• Danté Stewart
    • “Writing Blackness: A Conversation with Danté Stewart on Theology and Memoir”
  • TBA

Small Group Meetings – 4:00-6:00 – feel free to come and go to any of these

Tuesday March 8, 2022

Breakout Seminars C – 9:45 AM

  • “Marketing as a Spiritual Practice” with Kate Rademacher and Brian Allain
    • The Christian path – as exemplified by Jesus – is to embrace a life of downward mobility. As we seek to share our work with the world, we must never turn our back on Jesus’ most fundamental call to servanthood. Yet if we seek to increase our “discoverability” and build robust platforms, do we inevitably slip into self-aggrandizement, competitiveness, stress, and fear? How do we stay true to our deepest values and intentions as we seek to market our work and increase our impact?  This session will offer both a conceptual model and practical tools for how to approach marketing as a spiritual practice. You will learn that building a “platform” is not about cutesy, self-promotional tactics. Rather, you will gain concrete strategies to find and use your authentic voice, identify and meet the needs of your target audiences, and serve more people while staying grounded in practices like contemplative prayer, discernment, humility, stewardship, trust, and mutual ministry.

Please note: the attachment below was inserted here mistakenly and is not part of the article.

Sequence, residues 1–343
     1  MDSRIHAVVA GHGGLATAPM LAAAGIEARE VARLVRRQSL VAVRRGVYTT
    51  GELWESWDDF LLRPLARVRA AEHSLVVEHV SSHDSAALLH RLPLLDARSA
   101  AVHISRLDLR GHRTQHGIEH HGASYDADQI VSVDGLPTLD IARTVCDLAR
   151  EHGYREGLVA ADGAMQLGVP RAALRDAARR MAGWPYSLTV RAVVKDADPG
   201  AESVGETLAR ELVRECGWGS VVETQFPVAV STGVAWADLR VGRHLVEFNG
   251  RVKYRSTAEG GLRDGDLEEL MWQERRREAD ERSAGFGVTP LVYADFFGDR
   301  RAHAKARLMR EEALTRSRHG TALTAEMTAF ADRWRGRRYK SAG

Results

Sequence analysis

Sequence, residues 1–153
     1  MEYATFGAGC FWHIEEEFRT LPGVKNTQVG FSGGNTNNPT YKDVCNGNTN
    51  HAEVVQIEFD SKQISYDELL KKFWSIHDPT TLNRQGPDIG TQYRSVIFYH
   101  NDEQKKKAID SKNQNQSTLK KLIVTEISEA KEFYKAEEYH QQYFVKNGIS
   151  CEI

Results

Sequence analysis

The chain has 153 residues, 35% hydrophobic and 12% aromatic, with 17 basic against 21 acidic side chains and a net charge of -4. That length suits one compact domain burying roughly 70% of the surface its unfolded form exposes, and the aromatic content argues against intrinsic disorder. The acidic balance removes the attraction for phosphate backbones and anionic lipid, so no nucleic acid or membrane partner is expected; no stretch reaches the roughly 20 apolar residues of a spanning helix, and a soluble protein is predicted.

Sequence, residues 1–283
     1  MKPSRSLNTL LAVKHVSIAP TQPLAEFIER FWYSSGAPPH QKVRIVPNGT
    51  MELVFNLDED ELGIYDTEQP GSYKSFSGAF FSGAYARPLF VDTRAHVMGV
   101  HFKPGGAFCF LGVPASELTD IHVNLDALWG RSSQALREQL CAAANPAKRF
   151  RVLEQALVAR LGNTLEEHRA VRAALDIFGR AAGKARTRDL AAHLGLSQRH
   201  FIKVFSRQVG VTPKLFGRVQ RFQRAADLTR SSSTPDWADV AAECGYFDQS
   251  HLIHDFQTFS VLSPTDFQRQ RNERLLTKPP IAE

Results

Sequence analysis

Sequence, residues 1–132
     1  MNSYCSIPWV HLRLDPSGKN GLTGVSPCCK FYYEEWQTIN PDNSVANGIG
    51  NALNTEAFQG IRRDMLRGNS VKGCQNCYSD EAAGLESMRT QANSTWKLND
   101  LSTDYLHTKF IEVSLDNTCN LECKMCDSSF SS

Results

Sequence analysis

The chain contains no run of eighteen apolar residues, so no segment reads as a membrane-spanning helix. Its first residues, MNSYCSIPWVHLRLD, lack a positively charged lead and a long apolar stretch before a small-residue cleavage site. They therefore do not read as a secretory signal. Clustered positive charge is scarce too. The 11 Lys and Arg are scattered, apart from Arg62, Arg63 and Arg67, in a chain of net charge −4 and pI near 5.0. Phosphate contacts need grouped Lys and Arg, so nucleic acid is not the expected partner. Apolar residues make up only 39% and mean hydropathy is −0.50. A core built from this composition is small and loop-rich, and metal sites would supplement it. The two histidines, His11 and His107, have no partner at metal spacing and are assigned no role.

• Literary agent Rachelle Gardner
    • Book Proposals that Sell – Your book proposal is the tool that sells your book—first to an agent, then to a publisher. What makes a strong proposal? Why do we need proposals? We’ll look at all the elements and dissect how to create a proposal that will make a publisher want to BUY.
  • Luther Smith
    • “What About Justice?”  – Writing about the spiritual life entails crucial insights regarding the hunger of the heart, religious experiences, discernment, companionship, pilgrimage, and persistent personal challenges.  The necessity for justice is often ignored or mentioned only as an implication among authors who endeavor to present a holistic spirituality.  Seminar participants will be engaged in discussions guided by the questions:  How is justice crucial to spiritual formation?  Whether a social activist or not, how does a writer cultivate her/his authentic voice in writing about justice?  How can writers avoid being dismissed as political partisans?  When envisioning readers (those welcoming justice themes and those resisting them), how might the writing endeavor to be inspiring and transformative for all readers?